The story’s themes of secrecy and betrayal appealed to Stacy Klein, founder and artistic director of Double Edge Theatre, who wanted to collaborate with Stavans after reading some of his material.
Klein invited Stavans to see the Ashfield, Mass., group’s interpretation of “Don Quixote” in 2006. At the beginning of the piece, Stavans recalled, the performers staged a bonfire in which they were burning books.
“They knew I was going to come to that particular performance, and they put on top of that pile of books three or four of my own books,” he said. “I was shocked to see that my books were being burnt right in front of my eyes. It was a very provocative statement. I thought what they were doing was quite interesting and a relationship started.”
Stavans attended several Double Edge rehearsals, sometimes taking part in their improvisations.
“The shaping of the play was very untraditional,” he said. “Rather than the writer sitting in his office and deciding where to start, I gathered everyone in the troupe, read my story and each of the actors began improvising different aspects of the story.”
Not only is Double Edge’s production of “The Disappearance” Stavans’ first theatrical adaptation, but it will also serve as the author’s acting debut — Stavans said he plans to join the cast onstage during select dates in roles he won’t reveal beforehand. “It’s going to be a surprise for the audience,” he said.
After an engagement at the Skirball Cultural Center the show will travel to Legnica, Poland, and New York City.
On Oct. 15, also at the Skirball, Stavans will give a lecture titled, “Who Stole the Statue of Liberty? Immigration in America Today,” in which he will discuss the modern immigration experience.
For tickets or more information, call (877) 722-4849.
Ray Benson (Asleep at the Wheel): The biggest Jew in country music [VIDEO]
Skirball photo exhibit shows Pope John Paul II’s lifetime of outreach to Jews
A large photo in the exhibition “A Blessing to One Another: Pope John Paul II and the Jewish People” shows a smiling Elio Toaff, the chief rabbi of Rome, warmly welcoming the pontiff to Rome’s Great Synagogue in 1986.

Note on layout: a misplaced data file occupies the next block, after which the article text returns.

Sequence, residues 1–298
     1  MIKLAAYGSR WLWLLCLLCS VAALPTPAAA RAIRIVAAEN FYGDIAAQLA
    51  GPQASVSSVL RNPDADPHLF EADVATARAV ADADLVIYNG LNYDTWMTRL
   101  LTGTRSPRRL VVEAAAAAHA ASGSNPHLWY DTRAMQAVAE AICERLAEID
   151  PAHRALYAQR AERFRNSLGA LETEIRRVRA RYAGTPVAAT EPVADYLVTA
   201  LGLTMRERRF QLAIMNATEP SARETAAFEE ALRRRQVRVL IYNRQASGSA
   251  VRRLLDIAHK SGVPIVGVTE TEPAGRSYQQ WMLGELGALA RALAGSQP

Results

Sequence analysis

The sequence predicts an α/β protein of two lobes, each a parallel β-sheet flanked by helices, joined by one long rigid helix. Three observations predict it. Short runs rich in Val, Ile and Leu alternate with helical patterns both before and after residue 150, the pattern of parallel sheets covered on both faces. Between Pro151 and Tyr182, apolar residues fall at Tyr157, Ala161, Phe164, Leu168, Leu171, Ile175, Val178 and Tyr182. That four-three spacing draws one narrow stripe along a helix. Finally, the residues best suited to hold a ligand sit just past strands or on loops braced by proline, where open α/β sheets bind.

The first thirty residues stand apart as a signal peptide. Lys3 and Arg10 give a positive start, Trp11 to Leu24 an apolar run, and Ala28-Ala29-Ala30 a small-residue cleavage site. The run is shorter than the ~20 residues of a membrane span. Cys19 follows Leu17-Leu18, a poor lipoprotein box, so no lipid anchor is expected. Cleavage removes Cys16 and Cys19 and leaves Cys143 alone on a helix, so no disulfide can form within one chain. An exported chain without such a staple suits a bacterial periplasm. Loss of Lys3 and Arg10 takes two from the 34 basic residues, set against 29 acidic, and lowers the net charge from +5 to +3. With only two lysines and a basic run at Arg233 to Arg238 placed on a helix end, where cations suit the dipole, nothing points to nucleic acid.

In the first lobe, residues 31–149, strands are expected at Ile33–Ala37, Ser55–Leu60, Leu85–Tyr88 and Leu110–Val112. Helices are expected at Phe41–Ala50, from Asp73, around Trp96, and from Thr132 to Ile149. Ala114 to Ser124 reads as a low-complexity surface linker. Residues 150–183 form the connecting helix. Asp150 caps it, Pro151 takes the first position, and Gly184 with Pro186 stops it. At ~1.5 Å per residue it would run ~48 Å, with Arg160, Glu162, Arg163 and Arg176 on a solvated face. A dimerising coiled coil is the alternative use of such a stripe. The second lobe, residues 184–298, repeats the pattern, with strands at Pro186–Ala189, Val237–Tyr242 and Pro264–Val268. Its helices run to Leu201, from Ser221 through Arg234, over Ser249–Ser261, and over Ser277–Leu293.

Today, when interfaith meetings and celebrations are routine, it is difficult to imagine the impact of the first papal visit to the synagogue after 2,000 years of Catholic antagonism and persecution of Jews.
John Paul II, who once worked in a stone quarry, seemed destined by history and background to smash a large opening in the wall that had separated the two faiths for centuries.
As richly illustrated through text panels, documents, photos and videos in the Skirball Cultural Center exhibition, which continues through Jan. 4, the pope’s 84-year lifespan is divided into four chronological segments.
The first section introduces the young boy, born Karol Wojtyla in Wadowice, about midway between Krakow and Oswiecim (Auschwitz).
In contrast to most Polish towns, Catholics and Jews mingled freely in Wadowice. The Wojtyla family lived in a predominantly Jewish apartment building, many of Karol’s classmates were Jewish, and he played goalie on a Jewish soccer team.
Next comes Karol’s young adulthood, when the Nazi invasion and occupation closed the Krakow seminary attended by the future pope. He and 800 other students organized underground classes and continued their clandestine studies.
In the third section, with the war over, Wojtyla rises from priest to bishop, cardinal and archbishop of Krakow. He participates as a junior member in the Second Vatican Council, which opens a new chapter in the church’s attitude toward other faiths. At the same time, he renews ties with the surviving Jewish community of Poland.
The final and climactic section, both in the exhibit and in Wojtyla’s life, is his papacy, from his election in 1978 to his death in 2005.